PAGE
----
There have been a disconcerting number of rear wing and suspension failures, both in winter testing and the races to date. Engineering highly stressed components in CFRP encourages the technique of bonding components together, rather than using fasteners. Composite design is critical where point loads are applied to them, and so the replacement of fasteners with bonded joints allows a uniformly spread distribution of load into the laminates. Modern adhesives are extremely good, but the bonded joint cannot be inspected thoroughly. The strength of the joint depends on the operator cleaning and preparing the surfaces correctly, preventing subsequent contamination, mixing the adhesive according to the specifications, and correct clamping and curing. Quality is built in by the process operator, not checked for by inspection. The aerospace industry uses clean rooms and automated processes, but such investment is only possible among the richest teams and subcontractors.
The recent IRL tragedy at Charlotte, in which a number of spectators were killed or injured by crash debris, has brought into sharp focus developments to keep wheels attached during accidents. The new for 1999, Kevlar tethers have had a mixed debut, sometimes working well to keep the wheels and uprights connected to the monocoque (where they continue to inflict damage on it) sometimes not. There are signs that even when they fail, they are absorbing considerable amounts of energy and are contributing significantly to taming these potentially dangerous projectiles. To solve the problem completely will take lots more development and careful analysis of results from every kind of accident.
When Goodyear decided to withdraw from Formula1 and so temporarily call a truce to the tyre war, the FIA approached Bridgestone to co-operate in trying to maintain its objective of holding speeds to 1996 levels. Bridgestone agreed to a fourth groove on the front tyre (to cancel out the wider fronts introduced last year) and to harden compounds. A measure of how well they have met the objective can be gleaned from examination of changes in average speed for qualifying and race fastest laps on the four tracks to date:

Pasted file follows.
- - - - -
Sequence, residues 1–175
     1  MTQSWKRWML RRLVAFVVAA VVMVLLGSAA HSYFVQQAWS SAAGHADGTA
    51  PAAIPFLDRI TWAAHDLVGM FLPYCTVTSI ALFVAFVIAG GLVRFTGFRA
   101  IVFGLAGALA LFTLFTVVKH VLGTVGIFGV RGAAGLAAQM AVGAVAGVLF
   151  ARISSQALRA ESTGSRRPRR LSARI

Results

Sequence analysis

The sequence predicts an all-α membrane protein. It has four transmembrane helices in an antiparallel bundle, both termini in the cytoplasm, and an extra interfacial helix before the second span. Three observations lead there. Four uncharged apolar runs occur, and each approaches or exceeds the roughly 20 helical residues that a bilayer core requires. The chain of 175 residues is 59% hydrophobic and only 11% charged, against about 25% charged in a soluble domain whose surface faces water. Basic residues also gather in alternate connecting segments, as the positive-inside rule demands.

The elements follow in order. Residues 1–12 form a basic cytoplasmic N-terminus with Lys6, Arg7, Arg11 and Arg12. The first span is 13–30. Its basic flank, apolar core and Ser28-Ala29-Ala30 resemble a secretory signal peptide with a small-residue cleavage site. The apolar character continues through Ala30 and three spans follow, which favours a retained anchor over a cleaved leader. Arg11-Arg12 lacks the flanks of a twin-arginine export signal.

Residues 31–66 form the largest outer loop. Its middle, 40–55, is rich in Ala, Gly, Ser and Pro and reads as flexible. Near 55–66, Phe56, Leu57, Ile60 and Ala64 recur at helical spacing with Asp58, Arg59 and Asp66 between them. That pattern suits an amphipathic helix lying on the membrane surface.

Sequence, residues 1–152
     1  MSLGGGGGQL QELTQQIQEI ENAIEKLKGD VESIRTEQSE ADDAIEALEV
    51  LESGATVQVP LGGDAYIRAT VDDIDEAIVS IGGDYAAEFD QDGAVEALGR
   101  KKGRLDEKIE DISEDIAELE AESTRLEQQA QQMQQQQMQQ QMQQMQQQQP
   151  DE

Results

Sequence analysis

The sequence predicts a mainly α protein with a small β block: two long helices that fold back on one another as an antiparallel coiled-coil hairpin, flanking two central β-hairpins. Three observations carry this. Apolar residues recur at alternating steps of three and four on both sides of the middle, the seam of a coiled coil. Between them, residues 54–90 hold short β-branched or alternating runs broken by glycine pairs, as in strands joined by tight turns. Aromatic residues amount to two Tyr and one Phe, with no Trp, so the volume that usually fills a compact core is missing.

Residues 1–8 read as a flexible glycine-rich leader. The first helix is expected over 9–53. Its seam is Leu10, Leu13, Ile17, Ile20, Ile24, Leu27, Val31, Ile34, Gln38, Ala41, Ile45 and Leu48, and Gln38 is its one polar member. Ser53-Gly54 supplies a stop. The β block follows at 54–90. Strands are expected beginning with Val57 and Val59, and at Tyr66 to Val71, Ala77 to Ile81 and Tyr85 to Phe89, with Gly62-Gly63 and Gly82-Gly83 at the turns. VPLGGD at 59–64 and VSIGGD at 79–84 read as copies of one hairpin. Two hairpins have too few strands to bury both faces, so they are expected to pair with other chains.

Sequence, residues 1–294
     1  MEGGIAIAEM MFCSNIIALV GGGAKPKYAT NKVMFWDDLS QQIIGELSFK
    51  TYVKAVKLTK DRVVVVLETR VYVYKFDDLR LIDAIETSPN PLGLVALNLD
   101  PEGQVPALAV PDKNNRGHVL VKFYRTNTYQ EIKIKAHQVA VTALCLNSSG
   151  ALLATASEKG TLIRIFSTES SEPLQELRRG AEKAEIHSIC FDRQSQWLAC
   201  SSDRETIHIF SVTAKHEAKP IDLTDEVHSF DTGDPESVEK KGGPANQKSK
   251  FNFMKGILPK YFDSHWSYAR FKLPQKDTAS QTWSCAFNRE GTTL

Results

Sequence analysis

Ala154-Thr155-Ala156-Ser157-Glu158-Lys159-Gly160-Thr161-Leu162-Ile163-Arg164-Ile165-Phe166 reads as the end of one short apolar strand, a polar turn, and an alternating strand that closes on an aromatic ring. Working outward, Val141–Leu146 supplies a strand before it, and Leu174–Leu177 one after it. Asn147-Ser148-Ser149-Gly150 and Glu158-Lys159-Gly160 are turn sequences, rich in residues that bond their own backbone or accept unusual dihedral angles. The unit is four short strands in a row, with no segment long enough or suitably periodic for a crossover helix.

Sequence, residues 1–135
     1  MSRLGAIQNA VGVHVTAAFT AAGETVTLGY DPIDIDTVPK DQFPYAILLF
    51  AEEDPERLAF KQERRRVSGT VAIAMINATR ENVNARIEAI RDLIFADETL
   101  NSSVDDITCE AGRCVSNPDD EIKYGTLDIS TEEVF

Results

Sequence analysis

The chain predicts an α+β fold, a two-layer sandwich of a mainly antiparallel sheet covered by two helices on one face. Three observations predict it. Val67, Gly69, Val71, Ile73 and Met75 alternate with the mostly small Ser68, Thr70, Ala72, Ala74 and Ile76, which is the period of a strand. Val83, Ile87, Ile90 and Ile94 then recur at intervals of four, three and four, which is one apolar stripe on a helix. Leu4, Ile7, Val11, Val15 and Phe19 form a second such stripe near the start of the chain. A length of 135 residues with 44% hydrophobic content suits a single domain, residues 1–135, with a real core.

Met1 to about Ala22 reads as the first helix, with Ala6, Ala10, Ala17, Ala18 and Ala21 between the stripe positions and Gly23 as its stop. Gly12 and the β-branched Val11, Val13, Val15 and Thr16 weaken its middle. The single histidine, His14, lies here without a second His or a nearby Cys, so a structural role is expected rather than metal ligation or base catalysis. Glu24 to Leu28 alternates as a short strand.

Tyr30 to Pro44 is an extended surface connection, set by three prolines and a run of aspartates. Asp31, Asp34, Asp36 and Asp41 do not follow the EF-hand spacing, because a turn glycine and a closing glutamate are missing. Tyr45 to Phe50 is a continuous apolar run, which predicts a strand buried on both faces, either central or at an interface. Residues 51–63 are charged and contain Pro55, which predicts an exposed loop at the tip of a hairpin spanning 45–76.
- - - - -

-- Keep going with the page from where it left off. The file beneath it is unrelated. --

The trend is towards slightly slower qualifying times and slightly faster race fastest laps; the variation being generally less than 1%. This makes good sense considering the harder compound will stay consistent longer and permit quick race laps when fuel is low but the tyres are getting close to being changed. If this trend continues, the target can be said to have been met.
The saddest event of the season has been the untimely death of Dr Harvey Postlethwaite, coinciding with Honda's apparent, but yet to be confirmed decision to abandon their ambitions to be Formula1 constructors in their own right. Harvey was doing what he was best at: drawing together a group of designers, engineers and specialists and quietly producing a straightforward, effective Formula1 car. Whether it was internal politics or the number of zeros on the bottom line, when Honda finally added it all up, that persuaded them to draw back we shall probably never know. Nor will we see what Harvey could have achieved with his racer's approach and Honda's resources behind him. He will be missed - he was one of the good guys.
The season is entering the phase where strength in depth shows. Maintaining the pace of development as the series enters Europe for a long, hard summer, sorts out the real winners. Reversing a downward trend caused by a car that does not work as intended, is just as hard work as staying at the front. Jordan managed a spectacular turn-around about this time last year, and have maintained their progress since. As much as watching Ferrari and McLaren slug it out, it will be interesting to see whether Stewart can keep their place; whether BAR can keep on up the steep learning curve; whether Williams can re-group prior to BMW coming aboard; whether Benetton can find consistency; and whether Prost can fulfil the aspirations of France. The racing may sometimes not be as exciting as one would hope, but in workshops everywhere the action will be as fraught as ever.